Hybridization occurs between Drosophila simulans and D. sechellia in the Seychelles archipelago

D. R. Matute, J. F. Ayroles

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41 Scopus citations


Drosophila simulans and D. sechellia are sister species that serve as a model to study the evolution of reproductive isolation. While D. simulans is a human commensal that has spread all over the world, D. sechellia is restricted to the Seychelles archipelago and is found to breed exclusively on the toxic fruit of Morinda citrifolia. We surveyed the relative frequency of males from these two species in a variety of substrates found on five islands of the Seychelles archipelago. We sampled different fruits and found that putative D. simulans can be found in a variety of substrates, including, surprisingly, M. citrifolia. Putative D. sechellia was found preferentially on M. citrifolia fruits, but a small proportion was found in other substrates. Our survey also shows the existence of putative hybrid males in areas where D. simulans is present in Seychelles. The results from this field survey support the hypothesis of current interbreeding between these species in the central islands of Seychelles and open the possibility for fine measurements of admixture between these two Drosophila species to be made.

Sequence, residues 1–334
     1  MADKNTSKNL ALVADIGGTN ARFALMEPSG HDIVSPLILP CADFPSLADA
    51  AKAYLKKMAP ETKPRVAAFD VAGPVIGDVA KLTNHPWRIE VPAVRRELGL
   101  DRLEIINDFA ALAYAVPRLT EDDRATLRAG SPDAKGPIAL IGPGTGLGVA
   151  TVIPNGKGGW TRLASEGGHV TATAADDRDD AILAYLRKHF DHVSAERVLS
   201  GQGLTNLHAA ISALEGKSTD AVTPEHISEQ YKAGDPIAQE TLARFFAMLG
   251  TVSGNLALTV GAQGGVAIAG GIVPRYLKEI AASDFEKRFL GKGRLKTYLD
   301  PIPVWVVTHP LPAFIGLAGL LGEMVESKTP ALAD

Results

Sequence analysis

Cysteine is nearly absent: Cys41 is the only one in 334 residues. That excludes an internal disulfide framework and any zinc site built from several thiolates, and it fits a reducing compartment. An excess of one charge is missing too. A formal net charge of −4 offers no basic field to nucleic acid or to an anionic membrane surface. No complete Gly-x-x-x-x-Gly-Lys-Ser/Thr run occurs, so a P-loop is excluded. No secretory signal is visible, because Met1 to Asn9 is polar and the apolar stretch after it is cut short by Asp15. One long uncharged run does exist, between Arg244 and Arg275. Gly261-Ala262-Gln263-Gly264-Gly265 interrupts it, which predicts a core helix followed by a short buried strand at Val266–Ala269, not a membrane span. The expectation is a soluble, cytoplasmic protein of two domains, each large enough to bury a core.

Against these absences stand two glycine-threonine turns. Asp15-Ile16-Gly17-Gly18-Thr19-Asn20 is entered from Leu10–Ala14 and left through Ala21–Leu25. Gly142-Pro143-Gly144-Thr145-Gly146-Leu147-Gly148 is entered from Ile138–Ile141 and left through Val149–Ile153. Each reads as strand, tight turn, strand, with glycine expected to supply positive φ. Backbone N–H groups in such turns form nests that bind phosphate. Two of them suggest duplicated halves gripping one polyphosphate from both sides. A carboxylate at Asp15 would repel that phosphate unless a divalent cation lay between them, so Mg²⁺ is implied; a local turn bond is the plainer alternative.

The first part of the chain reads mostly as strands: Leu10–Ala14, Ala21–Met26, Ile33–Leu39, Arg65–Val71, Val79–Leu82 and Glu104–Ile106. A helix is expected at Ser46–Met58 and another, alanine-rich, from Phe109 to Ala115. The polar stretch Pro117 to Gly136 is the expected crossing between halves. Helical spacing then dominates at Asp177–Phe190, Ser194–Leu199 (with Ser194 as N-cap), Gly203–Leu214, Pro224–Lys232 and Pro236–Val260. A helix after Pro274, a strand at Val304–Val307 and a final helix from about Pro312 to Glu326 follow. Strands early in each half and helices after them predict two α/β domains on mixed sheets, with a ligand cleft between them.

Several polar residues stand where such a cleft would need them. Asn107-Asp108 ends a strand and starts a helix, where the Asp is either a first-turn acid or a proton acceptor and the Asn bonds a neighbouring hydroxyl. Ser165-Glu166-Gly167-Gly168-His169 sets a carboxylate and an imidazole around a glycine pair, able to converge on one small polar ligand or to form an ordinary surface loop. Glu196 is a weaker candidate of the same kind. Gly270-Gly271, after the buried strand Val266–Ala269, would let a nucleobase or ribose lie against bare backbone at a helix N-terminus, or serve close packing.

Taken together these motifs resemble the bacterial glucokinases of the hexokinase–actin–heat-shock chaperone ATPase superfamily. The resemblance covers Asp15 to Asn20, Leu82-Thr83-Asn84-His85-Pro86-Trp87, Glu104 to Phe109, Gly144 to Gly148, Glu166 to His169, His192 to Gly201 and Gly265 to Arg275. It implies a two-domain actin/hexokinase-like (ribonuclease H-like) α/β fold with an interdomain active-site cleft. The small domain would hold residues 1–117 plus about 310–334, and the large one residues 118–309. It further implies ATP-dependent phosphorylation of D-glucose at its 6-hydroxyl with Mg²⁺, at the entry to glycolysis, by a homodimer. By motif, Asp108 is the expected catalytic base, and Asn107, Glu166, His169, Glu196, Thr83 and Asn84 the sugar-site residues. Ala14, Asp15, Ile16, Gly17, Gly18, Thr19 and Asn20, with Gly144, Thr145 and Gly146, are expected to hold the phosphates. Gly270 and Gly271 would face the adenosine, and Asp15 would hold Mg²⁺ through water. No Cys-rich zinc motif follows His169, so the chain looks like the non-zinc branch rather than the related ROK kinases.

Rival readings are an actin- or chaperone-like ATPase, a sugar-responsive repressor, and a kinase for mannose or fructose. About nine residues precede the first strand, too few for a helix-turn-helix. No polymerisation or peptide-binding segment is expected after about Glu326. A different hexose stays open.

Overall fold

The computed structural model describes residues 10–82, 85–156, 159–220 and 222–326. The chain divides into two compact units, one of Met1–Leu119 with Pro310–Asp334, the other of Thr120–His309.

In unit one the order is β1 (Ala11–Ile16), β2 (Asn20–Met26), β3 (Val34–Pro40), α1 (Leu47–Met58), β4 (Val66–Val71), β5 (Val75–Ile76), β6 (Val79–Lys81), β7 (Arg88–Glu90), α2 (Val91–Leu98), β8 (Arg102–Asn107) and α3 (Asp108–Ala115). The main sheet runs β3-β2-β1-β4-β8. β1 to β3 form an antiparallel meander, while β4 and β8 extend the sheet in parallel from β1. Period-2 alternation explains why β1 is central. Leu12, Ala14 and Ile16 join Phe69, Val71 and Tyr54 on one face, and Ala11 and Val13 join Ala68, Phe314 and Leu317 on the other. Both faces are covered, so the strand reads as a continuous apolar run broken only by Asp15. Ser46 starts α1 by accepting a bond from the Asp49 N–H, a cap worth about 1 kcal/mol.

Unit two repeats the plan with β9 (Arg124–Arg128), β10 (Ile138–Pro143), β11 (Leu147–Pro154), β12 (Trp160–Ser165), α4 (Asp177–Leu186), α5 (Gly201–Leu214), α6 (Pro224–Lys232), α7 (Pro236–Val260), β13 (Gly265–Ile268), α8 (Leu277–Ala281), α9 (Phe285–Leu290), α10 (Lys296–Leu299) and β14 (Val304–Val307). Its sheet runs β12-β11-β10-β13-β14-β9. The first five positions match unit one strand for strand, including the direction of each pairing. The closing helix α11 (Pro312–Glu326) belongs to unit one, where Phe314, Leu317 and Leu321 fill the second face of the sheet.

Original languageEnglish (US)
Pages (from-to)1057-1068
Number of pages12
JournalJournal of Evolutionary Biology
Issue number6
StatePublished - Jun 2014
Externally publishedYes

All Science Journal Classification (ASJC) codes

  • Ecology, Evolution, Behavior and Systematics


  • Adaptation
  • Drosophila
  • Reproductive isolation
  • Speciation


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